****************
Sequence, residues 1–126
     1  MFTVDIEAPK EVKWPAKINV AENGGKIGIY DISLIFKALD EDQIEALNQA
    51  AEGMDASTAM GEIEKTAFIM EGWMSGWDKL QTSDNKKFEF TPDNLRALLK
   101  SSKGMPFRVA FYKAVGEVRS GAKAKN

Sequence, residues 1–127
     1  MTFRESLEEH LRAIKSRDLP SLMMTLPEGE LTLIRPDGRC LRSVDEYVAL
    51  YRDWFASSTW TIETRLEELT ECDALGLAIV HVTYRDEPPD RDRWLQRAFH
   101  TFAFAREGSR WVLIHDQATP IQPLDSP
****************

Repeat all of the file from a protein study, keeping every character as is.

Sequence, residues 1–126
     1  MFTVDIEAPK EVKWPAKINV AENGGKIGIY DISLIFKALD EDQIEALNQA
    51  AEGMDASTAM GEIEKTAFIM EGWMSGWDKL QTSDNKKFEF TPDNLRALLK
   101  SSKGMPFRVA FYKAVGEVRS GAKAKN

Sequence, residues 1–127
     1  MTFRESLEEH LRAIKSRDLP SLMMTLPEGE LTLIRPDGRC LRSVDEYVAL
    51  YRDWFASSTW TIETRLEELT ECDALGLAIV HVTYRDEPPD RDRWLQRAFH
   101  TFAFAREGSR WVLIHDQATP IQPLDSP